AIDS Treatment Hard to Get Behind Bars

Itar-TassAleksanyan speaking with his father, Georgy, in a Moscow court in 2006.
Facing embezzlement and tax evasion charges, former Yukos executive Vasily Aleksanyan claims that he was deliberately denied medical treatment for AIDS while in detention as punishment for not testifying against his bosses, Mikhail Khodorkovsky and Platon Lebedev.

But with few doctors, poor patient education and bureaucratic barriers in securing medical release, getting proper treatment is difficult for HIV/AIDS patients incarcerated in Russia, even if they're not tied up in a politically charged case, experts say.

There are around 42,000 HIV/AIDS patients who are inmates in Russian prisons and jails, Alexander Kononets, head of the Federal Prison Service's health department, told the Public Chamber late last year. Since 2004, the number of patients has grown by 10,000, according to agency statistics.

Experts say that while treatment of these patients and prisoners with other disease has improved somewhat in recent years, there is still a long way to go.

In the Leningrad region, for example, only around 100 HIV/AIDS patients out of 3,500 receive the treatment they require, said Tatyana Bakulina, head of IMENA, a St. Petersburg-based nongovernmental organization that runs support programs for HIV-positive inmates.

"Sometimes a prisoner will come down with a severe fever for three days and nobody will examine him or give him any medicine," she said. "If he is in pain, there are no painkillers available."

The situation for HIV patients is exacerbated by the fact that they often develop concomitant diseases such as tuberculosis and Hepatitis C, Bakulina said.

Suspects are screened for HIV upon placement in a detention facility and are often screened again when they are moved to a prison, Federal Prison Service spokesman Valery Zaitsev said. For most HIV-positive inmates, these screenings are the first time they are diagnosed with the virus, Zaitsev said.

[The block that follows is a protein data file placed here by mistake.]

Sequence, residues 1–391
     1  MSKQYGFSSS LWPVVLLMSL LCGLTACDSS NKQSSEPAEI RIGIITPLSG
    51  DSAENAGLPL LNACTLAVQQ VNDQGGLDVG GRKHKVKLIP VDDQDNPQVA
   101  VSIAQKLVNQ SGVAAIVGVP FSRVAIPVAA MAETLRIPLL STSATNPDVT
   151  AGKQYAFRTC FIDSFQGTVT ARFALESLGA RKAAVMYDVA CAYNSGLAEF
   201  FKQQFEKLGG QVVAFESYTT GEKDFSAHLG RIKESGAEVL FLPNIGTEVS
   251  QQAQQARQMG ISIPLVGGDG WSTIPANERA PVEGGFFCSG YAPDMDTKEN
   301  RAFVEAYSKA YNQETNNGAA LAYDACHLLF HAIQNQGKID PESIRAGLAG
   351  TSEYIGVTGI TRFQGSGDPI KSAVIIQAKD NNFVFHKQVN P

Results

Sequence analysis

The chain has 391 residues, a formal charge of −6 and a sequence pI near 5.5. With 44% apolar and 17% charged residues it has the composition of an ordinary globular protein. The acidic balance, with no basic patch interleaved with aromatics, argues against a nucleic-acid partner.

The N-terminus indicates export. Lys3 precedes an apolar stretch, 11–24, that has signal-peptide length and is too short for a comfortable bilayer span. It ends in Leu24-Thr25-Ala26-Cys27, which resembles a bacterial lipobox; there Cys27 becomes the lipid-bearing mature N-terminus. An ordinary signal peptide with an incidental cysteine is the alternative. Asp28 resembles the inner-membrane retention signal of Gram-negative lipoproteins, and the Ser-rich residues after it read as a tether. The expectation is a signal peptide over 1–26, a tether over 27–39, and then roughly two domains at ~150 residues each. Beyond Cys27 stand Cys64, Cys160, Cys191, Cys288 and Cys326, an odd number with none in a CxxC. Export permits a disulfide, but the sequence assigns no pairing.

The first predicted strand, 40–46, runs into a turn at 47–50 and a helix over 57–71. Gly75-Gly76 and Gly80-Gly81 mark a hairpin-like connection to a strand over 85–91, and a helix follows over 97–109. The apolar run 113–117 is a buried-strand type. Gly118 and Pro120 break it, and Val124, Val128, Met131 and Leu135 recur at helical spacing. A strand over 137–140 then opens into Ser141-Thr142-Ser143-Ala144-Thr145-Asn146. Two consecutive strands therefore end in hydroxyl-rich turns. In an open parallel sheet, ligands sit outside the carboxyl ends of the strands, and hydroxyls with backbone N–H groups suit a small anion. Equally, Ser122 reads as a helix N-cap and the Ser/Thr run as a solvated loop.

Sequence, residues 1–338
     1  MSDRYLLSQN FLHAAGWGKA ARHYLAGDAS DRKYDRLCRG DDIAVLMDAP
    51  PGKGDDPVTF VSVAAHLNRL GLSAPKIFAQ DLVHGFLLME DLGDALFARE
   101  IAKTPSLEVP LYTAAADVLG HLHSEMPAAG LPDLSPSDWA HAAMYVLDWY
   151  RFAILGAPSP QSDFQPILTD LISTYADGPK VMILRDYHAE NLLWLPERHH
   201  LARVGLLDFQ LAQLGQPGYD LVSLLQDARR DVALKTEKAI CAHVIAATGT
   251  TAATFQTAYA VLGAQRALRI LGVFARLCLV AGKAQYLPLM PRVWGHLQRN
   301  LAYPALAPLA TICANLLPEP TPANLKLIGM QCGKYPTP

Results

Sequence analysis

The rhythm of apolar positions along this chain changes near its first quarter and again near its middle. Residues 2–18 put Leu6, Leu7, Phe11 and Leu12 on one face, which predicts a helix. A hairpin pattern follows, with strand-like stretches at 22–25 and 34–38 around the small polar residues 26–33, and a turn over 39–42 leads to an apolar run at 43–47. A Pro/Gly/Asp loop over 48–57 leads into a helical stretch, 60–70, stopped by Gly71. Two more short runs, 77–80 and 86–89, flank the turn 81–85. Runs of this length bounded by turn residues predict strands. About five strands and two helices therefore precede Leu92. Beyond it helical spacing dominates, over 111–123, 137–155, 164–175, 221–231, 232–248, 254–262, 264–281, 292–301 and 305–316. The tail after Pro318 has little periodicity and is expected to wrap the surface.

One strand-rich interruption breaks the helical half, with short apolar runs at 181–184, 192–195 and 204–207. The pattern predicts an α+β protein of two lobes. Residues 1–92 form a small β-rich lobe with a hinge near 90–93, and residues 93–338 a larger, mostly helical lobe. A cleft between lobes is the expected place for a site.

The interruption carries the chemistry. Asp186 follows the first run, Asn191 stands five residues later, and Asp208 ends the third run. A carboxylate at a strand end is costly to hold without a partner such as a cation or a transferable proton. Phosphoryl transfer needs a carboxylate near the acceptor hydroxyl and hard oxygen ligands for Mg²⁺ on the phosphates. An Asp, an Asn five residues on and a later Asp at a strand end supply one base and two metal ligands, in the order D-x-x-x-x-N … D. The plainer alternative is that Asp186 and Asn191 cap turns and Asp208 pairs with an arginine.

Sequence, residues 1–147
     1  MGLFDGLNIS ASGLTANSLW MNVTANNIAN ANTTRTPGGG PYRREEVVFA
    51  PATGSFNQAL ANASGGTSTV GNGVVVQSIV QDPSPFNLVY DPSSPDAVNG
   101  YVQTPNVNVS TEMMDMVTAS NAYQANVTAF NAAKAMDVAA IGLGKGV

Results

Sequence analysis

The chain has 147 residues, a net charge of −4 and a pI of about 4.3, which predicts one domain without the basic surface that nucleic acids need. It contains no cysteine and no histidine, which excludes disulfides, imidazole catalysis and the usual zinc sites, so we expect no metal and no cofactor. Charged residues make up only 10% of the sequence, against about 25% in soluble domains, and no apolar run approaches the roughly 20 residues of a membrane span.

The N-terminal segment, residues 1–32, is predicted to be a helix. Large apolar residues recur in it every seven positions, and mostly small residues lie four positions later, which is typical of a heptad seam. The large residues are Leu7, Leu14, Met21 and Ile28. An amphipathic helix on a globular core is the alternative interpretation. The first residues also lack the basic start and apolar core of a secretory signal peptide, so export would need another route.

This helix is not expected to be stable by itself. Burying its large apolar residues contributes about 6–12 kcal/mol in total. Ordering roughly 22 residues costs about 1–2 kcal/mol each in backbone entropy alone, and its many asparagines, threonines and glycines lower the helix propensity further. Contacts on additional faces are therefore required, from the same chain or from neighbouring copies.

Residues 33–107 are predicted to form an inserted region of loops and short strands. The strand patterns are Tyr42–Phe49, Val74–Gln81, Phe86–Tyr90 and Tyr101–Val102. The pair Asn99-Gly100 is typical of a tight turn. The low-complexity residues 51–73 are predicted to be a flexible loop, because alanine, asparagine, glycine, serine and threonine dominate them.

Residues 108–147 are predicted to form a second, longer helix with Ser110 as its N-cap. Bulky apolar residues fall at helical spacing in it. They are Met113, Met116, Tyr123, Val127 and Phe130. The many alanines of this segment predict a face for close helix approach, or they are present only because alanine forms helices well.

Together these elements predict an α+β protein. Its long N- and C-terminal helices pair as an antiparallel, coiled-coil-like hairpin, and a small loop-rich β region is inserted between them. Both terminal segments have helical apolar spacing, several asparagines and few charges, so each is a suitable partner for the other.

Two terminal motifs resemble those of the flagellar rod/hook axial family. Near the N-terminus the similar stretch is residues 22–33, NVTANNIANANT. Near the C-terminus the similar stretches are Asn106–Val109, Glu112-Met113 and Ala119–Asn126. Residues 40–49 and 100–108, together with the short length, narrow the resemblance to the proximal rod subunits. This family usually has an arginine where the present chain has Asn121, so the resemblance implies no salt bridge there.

Zaitsev defended the treatment HIV/AIDS patients receive while incarcerated.

"They receive antiretroviral drugs and other appropriate treatment," he said.

But even where treatment is available, additional efforts are desperately needed to help them to undergo it, said Yelena Panasenko, coordinator of support groups for prisoners with HIV/AIDS in the Saratov region.

Because of liver and stomach problems, it is exceedingly difficult for most of the patients to endure the treatment, and without being educated properly on the treatment process, they are prone to giving it up, Panasenko said.

"Prison doctors can offer treatment, but they will not persuade each inmate to undergo it," Panasenko said. Only a few NGOs are working to support antiretroviral therapy programs for patients behind bars, she said.

Written consent is required from each HIV/AIDS patient in order to be treated while in confinement.

Vadim Pokrovsky, head of the Federal AIDS Center, conceded that there are numerous difficulties in treating prisoners but said the situation was improving.

"The situation with medical treatment for them was pretty poor last year, but it is already getting better," Pokrovsky said.

Previously medicine for incarcerated HIV/AIDS patients was distributed by regional governments, though inmates are under federal jurisdiction, Pokrovsky said. Now they receive the medicine under a federal program, he said.

The difficulties released prisoners face reintegrating into society also complicates treatment, experts say. According to prison service statistics, around 230,000 convicts are released each year -- 90 percent of whom suffer from various diseases, Kononets, the prison health official, told the Public Chamber in October.

In addition to the 42,000 HIV/AIDS patients, there are 43,000 tuberculosis patients incarcerated, Kononets said.

There is little hope that those infected with HIV will seek out AIDS centers for treatment upon release, said Bakulina, the St. Petersburg activist.

"Most of them do not know what they will eat and where they will sleep after leaving the prison," Bakulina said. "Health cannot be a priority for these people in such a situation."

The Supreme Court on Tuesday rejected a request by Aleksanyan, the jailed former Yukos executive, to be released from detention so he could be treated for AIDS.

Under Russian law, a person diagnosed with serious health problems should not be kept in pre-trial detention.

But court rulings in favor of release are very difficult for incarcerated patients to obtain if no one is pressing on his behalf, Bakulina said.

"I know one mother who did her best to have her very ill son released from prison, but it took her too long, and the 18-year-old boy died of AIDS just one week after he was placed in a special hospital," she said.

Prosecutors claim that Aleksanyan refused treatment while in jail, though his lawyer, Yelena Lvova, says he gave written consent for therapy in July. Aleksanyan never received any treatment and has not had a medical examination since Dec. 30, Lvova claims.

Aleksanyan, 36, was diagnosed with HIV a few months after his detention in April 2006 and "could die any day," another one of his lawyers, Drew Holiner, said in a telephone interview from London, Bloomberg reported Wednesday.